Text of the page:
The avoidance of reality has overtaken our society. The consequences of doing so have been building for decades and will soon overwhelm us. On our current path, much of what we knew and cared about will be destroyed.
A great friend of mine and one of the best bond traders on Wall Street said this recently: “Get ready for The Great Bond Shortage in North America. If it has a cusip and it is rated, it is going higher/tighter.” I am down with his observation. The compression in bond spreads since the Fed started all of their “made-up/newly printed money for free” antics is the root of all of this and I do not expect a change anytime soon. There are various estimations for the 2013 net new issue supply in all sectors of Fixed Income but I peg it around $400 billion. Around $800 billion will be paid to bond holders during the year in coupon payments and, if reinvested, will cause a supply deficit of about $400 billion for the year. Exacerbating all of this is the Fed, who will buy around $500 billion in MBS this year and perhaps the same amount in Treasuries which could take $1 trillion out of the market all by itself. Consequently we face a lack of bonds denominated somewhere between $900 billion and $1.4 trillion, depending upon the Fed, which will increase the rolling train of compression, lower interest rates further in all likelihood and cause great angst for investors who will find very little of value left in the Fixed Income markets. Safety; yes but yield; no.
While this is taking place we will find a different scenario in the equity markets. The Fed will not be investing money directly in equities and so the liquidity that has propped the stock markets during the Treasury buying phase and will help at the margin with the MBS purchases is not going to have such a dramatic influence in my opinion as the MBS cash is likely to flow back into other segments of the bond markets and not so much into equities. There is also the American Fiscal Cliff, the worsening recession in Europe, the slow-down in China and the possibility of some political event in Greece, Spain, Portugal or Ireland as the funding nations in Europe get strained and could break during 2013. There is a point I assure you and I think we are verging on it where the people of various nations, under their own strain of recession, just cannot afford the grand scheme of European Union and revolt. The IMF is already getting testy with Greece and when Spain shows up hat in hand, their data is found to be inaccurate and the price tag far past the ridiculous estimations of the EU/ECB then “buddy can you spare me a dime” may fall on deaf ears. It should be noted that during the worst year of the Great Depression, 1933, that America had an unemployment rate of 25% which is exactly where we find both Spain and Greece today. A telling sign of things to come perhaps?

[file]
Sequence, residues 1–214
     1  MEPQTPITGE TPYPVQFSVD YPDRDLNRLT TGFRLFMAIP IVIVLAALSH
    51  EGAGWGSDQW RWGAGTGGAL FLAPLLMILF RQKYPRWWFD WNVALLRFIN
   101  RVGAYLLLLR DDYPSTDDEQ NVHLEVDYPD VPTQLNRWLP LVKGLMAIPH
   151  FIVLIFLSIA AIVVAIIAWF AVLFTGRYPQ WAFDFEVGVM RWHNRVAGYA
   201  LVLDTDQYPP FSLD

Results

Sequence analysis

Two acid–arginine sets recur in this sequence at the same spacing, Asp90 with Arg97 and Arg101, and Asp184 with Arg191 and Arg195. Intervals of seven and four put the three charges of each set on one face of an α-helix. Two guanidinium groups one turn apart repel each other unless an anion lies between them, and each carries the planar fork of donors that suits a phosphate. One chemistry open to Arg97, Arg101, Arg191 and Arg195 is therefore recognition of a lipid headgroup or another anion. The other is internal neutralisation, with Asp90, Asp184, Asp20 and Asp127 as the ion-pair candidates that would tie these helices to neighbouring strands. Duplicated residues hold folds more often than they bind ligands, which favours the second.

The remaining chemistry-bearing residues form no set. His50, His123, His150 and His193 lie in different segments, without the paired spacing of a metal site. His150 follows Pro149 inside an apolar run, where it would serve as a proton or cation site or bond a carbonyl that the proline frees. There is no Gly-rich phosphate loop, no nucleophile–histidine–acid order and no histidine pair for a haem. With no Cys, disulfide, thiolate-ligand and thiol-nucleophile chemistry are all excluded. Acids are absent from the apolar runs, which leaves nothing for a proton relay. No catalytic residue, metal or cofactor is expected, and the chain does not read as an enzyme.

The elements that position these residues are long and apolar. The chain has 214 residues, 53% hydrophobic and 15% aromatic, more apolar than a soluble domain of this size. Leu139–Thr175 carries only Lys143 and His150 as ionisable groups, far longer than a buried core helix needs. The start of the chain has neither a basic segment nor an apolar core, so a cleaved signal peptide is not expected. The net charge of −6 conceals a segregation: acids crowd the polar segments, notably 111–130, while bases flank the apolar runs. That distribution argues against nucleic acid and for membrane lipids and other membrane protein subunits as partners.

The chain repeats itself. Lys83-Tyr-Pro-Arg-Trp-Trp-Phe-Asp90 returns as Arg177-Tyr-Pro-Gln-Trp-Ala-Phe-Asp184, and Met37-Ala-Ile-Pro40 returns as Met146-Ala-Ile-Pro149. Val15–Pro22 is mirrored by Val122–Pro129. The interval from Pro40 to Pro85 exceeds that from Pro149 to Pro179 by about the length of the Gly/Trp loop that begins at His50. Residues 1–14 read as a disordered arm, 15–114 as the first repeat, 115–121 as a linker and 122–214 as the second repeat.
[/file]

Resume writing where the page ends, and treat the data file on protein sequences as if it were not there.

"We all know what to do, we just don't know how to get re-elected after we have done it."
Stripped to essentials, the fiscal cliff is a device constructed to force a rollback of Social Security, Medicare and Medicaid, as the price of avoiding tax increases and disruptive cuts in federal civilian programs and in the military. It was policy-making by hostage-taking, timed for the lame duck session, a contrived crisis, the plain idea now unfolding was to force a stampede.
In the nature of stampedes arguments become confused; panic flows from fear, when multiple forces – economic and political in this instance – all appear to push the same way. It is therefore useful to sort through those forces, breaking them down into separate questions, and to ask whether any of them justify the voices of doom.
First, is there a looming crisis of debt or deficits, such that sacrifices in general are necessary? No, there is not. Not in the short run – as almost everyone agrees. But also: not in the long run. What we have are computer projections, based on arbitrary – and in fact capricious – assumptions. But even the computer projections no longer show much of a crisis. CBO has adjusted its interest rate forecast, and even under its “alternative fiscal scenario” the debt/GDP ratio now stabilizes after a few years.
Second, is there a looming crisis of Social Security, Medicare and Medicaid, such that these programs must be reformed? No, there is not. Social insurance programs are not businesses. They are not required to make a profit; they need not be funded from any particular stream of tax revenues over any particular time horizon. Reasonable control of health care costs – public and private – is necessary and also sufficient to keep the costs of Medicare and Medicaid within bounds.
Third, would the military sequestration programmed to start in January be a disaster? No, it would not be. Military spending is set in any event to decline – and it should decline as we adjust our military programs to our national security needs. The sequester is at worst harmless; at best it's an invitation to speed the process of moving away from a Cold War force structure to one suited to the modern world.